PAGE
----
By Wendy Nugent, Harvey County Now
NEWTON—Raymond Olais calls himself an art-cheologist.
This is because he uses art to find information about the past.
It all started when he and his wife, Patrice, used likenesses from photos for the mural they painted in 1978 for the 30th anniversary of the Newton Mexican-American Men’s Fast Pitch Tournament, which l led us to reflect on the history of images.
“The images in the mural inspired me to dig deeper,” Olais said.
The Olaises hold an art exhibition at the Koehn Gallery at the Carriage Factory Art Gallery, 128 E. Sixth St. in Newton. Alongside this, Raymond will be giving a talk on “Every Mural Tells a Story” at 7 p.m. on Thursday, June 9, at the gallery. There is no cost to attend.
“Art-cheologist Raymond Olais will explain how a mural painted 44 years ago to celebrate [the tournament] led to documenting the rich history of Newton’s Mexican community,” a flyer said.
Their art exhibition, consisting of 24 pieces, will end on Saturday, June 11.
“I still love that artistic part that inspired me,” Raymond said, adding that he was inspired by Chicano artists.
The Olaises are retired art teachers from Newton High School and they both keep busy.
“Sometimes I work on art,” Raymond said. “Sometimes I work on historical stuff.”
The show represents their life’s work.
“It’s through all the years – past, present and in between,” Patrice said. “I guess you can add the future because it has robots.”
These robots are depicted in sculptures and paintings, and their art has a Hispanic cultural connection/style.
Patrice has oil paintings in the show. She has all the equipment for making ceramics, like a lathe and a kiln, in the garage. They also worked on sculptures in the garage and basement.
“We just work in different places,” Raymond said. “I will work outside to do sculpture work.”
Raymond continues his research on the Mexican community of Newton. He said his June 9 lecture would be a confluence of his artistic and historical research.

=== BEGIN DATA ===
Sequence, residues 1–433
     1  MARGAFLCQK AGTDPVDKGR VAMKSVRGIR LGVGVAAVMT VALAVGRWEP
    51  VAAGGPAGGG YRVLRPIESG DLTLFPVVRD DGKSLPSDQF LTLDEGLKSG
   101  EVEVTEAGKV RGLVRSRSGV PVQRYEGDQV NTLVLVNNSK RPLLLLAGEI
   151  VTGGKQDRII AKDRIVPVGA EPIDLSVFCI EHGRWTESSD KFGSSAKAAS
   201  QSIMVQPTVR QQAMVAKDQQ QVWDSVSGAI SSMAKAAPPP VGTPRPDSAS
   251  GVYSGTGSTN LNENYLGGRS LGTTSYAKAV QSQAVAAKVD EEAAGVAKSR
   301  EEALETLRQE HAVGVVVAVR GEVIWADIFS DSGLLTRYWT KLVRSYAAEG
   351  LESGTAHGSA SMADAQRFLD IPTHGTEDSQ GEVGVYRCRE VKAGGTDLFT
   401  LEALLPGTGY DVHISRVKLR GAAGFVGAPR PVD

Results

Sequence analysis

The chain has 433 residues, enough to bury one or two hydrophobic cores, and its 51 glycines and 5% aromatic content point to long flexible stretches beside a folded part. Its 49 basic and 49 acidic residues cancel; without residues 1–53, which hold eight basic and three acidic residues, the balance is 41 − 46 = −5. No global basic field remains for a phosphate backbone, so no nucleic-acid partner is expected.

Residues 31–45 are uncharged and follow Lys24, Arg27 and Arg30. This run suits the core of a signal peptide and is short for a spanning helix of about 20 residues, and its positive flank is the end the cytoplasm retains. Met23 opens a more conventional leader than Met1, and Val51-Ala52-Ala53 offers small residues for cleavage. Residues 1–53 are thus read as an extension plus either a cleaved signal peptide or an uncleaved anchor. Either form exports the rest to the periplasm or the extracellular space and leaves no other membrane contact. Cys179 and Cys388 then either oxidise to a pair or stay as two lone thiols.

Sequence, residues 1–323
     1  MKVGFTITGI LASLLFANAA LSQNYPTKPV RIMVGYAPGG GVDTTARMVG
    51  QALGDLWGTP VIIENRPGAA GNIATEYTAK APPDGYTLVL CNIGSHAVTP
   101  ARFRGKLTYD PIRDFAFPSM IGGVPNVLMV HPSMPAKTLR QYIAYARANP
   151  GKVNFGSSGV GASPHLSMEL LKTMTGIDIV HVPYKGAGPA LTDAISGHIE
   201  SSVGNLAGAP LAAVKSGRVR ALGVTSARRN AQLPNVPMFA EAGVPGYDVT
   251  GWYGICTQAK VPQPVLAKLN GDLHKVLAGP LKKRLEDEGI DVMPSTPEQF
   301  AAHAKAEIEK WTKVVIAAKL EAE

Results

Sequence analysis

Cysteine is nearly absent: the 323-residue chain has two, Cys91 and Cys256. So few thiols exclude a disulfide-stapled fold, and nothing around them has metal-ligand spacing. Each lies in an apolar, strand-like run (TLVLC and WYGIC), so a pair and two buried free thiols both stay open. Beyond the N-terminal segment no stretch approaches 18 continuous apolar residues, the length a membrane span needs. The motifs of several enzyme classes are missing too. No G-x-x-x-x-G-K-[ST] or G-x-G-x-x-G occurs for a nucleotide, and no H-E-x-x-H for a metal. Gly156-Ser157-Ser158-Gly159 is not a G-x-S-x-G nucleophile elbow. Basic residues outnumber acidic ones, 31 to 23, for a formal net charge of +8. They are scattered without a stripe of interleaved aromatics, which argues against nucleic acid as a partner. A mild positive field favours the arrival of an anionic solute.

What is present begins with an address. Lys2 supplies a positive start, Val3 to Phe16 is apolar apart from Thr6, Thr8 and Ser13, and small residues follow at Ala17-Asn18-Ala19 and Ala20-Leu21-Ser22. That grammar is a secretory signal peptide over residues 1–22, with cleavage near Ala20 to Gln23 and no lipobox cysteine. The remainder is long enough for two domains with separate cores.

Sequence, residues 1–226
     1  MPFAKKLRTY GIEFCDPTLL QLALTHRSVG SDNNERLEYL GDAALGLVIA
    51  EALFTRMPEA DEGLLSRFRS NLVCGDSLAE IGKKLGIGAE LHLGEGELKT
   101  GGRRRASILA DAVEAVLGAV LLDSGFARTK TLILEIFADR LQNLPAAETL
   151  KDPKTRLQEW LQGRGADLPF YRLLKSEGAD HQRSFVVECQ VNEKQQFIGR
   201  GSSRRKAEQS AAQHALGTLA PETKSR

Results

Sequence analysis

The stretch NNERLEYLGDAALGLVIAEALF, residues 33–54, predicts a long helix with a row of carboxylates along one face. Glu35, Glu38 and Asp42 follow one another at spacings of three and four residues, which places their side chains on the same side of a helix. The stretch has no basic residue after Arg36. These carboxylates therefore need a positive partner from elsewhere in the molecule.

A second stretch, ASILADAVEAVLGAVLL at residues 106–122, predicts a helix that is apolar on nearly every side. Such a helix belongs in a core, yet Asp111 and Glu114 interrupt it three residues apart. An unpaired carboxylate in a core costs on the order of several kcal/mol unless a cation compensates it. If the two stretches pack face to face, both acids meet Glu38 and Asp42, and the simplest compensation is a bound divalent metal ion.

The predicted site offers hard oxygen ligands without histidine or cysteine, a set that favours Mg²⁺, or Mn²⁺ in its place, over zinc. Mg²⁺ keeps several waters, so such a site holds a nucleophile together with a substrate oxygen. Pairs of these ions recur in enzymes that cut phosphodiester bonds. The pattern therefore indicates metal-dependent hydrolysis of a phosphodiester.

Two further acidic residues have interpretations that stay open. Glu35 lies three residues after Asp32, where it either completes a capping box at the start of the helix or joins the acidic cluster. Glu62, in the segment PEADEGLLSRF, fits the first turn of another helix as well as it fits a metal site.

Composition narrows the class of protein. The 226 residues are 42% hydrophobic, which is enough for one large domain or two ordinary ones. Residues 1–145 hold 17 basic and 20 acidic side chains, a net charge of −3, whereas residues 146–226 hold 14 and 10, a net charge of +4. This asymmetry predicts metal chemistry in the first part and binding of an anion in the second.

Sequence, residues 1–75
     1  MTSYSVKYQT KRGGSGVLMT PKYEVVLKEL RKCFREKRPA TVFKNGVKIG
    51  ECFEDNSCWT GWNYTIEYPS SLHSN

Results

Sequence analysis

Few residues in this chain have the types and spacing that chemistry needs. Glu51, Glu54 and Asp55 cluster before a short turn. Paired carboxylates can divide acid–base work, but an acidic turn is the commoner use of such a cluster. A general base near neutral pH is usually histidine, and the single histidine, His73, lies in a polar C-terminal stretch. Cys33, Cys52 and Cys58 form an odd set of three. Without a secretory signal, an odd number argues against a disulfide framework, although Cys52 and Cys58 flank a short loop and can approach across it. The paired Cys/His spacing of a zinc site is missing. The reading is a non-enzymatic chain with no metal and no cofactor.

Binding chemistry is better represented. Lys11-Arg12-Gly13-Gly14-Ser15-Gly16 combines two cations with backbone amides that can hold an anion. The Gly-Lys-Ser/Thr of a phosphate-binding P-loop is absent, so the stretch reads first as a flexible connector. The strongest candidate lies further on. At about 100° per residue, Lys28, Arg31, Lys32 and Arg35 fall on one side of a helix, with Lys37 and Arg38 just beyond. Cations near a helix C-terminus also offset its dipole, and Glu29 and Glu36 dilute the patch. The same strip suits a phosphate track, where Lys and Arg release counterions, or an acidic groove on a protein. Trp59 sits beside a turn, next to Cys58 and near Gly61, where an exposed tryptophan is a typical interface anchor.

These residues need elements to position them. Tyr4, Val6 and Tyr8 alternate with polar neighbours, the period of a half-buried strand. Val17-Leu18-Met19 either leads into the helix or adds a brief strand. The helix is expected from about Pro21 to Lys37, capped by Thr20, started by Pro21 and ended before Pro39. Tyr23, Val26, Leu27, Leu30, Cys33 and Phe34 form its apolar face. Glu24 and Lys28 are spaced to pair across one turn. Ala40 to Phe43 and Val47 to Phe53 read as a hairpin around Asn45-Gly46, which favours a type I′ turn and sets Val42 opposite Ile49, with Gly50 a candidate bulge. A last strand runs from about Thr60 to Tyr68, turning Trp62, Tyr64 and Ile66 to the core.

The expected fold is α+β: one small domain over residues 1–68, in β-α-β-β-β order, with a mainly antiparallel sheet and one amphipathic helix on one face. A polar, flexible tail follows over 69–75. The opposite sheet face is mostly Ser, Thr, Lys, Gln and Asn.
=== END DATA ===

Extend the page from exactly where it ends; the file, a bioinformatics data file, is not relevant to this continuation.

In the 1990s, the Olaises organized exhibits on Mexican history for the holiday after doing research.
The mural they did in 1978 tells the story of the ballplayers, Raymond said. In the first year, they looked at Mexican bands that played from the 1920s through the 1970s. The second year included the ranchitos, as there were two camps in town. Raymond said the workers lived near the tracks at one point without housing provided by the railroad.
“Each year we focused on something different,” Raymond said, adding that other years included topics like ballplayers and the military. “There were so many things you could immerse yourself in. This is how this fresco inspired research. Instead of organizing art exhibitions, we organize historical exhibitions.
Performances have been held at various locations over the years, including the church, the historical society, and the Kauffman Museum.
Raymond still gives presentations on the history of the Mexican community in Newton. In recent presentations he has used the mural to tell the story.
“Essentially we did it backwards,” he said, adding that they had the visuals but didn’t know the stories behind them.
Along these lines, Raymond is working on a chapter for a book on Mexican ball teams in Newton.
This year’s tournament is the 74th and the oldest such tournament in the country.
To unleash his creativity, Raymond also renovates items, such as a vintage floor radio in their living room is a cabinet, and he repurposed tables.
Patrice draws and paints.
“She was always a painter,” Raymond said.
In a dining/art room, the Olaises display a variety of artwork, including a painting Patrice made of an altar, which was the first altar she created in art school. from San Francisco.
“It was the first of the beginning of many others,” Raymond said.
Patrice says it’s another way of making art.
In a guest bedroom/art studio is a papier-mâché sculpture of a 1955 Ford truck that the Olaises drove with their business from San Francisco to Kansas in 1980.
The Olaises met as students, he from California and she from Newton, at the San Francisco Art Institute (SFAI) and married in 1980, after graduating there but before attending Emporia State. University to obtain their teaching certificates. While at SFAI, they recall one of their first dates being in the school cafeteria between classes, where the cheapest things to eat were avocado sandwiches.
“We were part of an organization there that did activities,” Patrice said, as they were members of the arts collective.
The collective has sponsored artists and organized speakers, parties and vernissages.
“They would sponsor speakers and so we would go to those,” Patrice said. “They had all sorts of relationships with the galleries, which is how we met.”
Eventually, as college students, they found themselves in the Mission District of San Francisco, which is the Hispanic neighborhood. Patrice worked at a Hispanic gallery and Raymond, who is an Army veteran of the Vietnam War, has been employed by the Veterans Administration since they gave jobs to vets. The VA also helped him with tuition.